Two trademark applications filed by Cadbury for a specific shade of purple have been invalidated, with one other proceeding to evidence rounds.
This decision, made by Louise White, comptroller-general for the UK Intellectual Property Office, is another failed attempt by Cadbury to trademark the colour which was previously rejected by both the UK High Court and Court of Appeal.
In this case, the applications were opposed by Société Des Produits Nestlé under section 3(1)(a) of the Trade Marks Act of 1994, which prohibits the registration of marks that do not meet the requirements of section 1(1), which defines a trademark as a sign that is able to be represented in a way which allows the public to “determine the clear and precise subject matter of the proprietor”.
In its opposition, Nestlé argued that the trademark application failed to adhere to “durability” requirements as, practically speaking, the sample colour on the document could fade over time and discredit the accuracy of the trademark.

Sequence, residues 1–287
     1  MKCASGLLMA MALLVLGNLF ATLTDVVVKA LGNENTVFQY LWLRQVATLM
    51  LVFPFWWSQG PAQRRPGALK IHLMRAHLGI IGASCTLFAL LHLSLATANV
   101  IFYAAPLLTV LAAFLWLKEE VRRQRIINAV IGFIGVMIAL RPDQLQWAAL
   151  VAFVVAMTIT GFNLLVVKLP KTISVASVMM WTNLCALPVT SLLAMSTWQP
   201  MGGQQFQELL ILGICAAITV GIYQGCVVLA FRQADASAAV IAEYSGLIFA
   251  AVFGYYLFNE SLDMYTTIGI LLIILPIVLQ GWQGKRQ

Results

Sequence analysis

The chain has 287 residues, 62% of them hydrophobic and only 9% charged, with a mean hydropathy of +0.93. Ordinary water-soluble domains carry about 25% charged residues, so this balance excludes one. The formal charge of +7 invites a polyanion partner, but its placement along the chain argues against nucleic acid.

Nestlé also directly opposed the phrasing of “whole visible surface of the packaging of the goods”, which it contended is subjective and relies on the imagination of the individual.
It was further contended by Nestlé that the form in which Cadbury referenced the shade in its application, through the Pantone shade matching system, did not fully comply with section 3(1)(a).
However, Cadbury responded that the trademark colour was identifiable “both graphically and by Pantone number”, as required for sufficiency.
This was supported by White in her assessment of the application.
White also considered each of the points of opposition submitted by Nestlé, opposing the claim that the colour sample could fade over time on the basis that it could be assigned an internationally-recognised identification code.
It was also found that Nestlé’s argument that the shade would appear different depending on the shape and size of the packaging was invalid.
White concluded that, owing to Nestlé’s high number of successes in this dispute, Cadbury was liable to pay a contribution cost of £1,800 to cover Nestlé’s official fees for preparing statements and attending a hearing.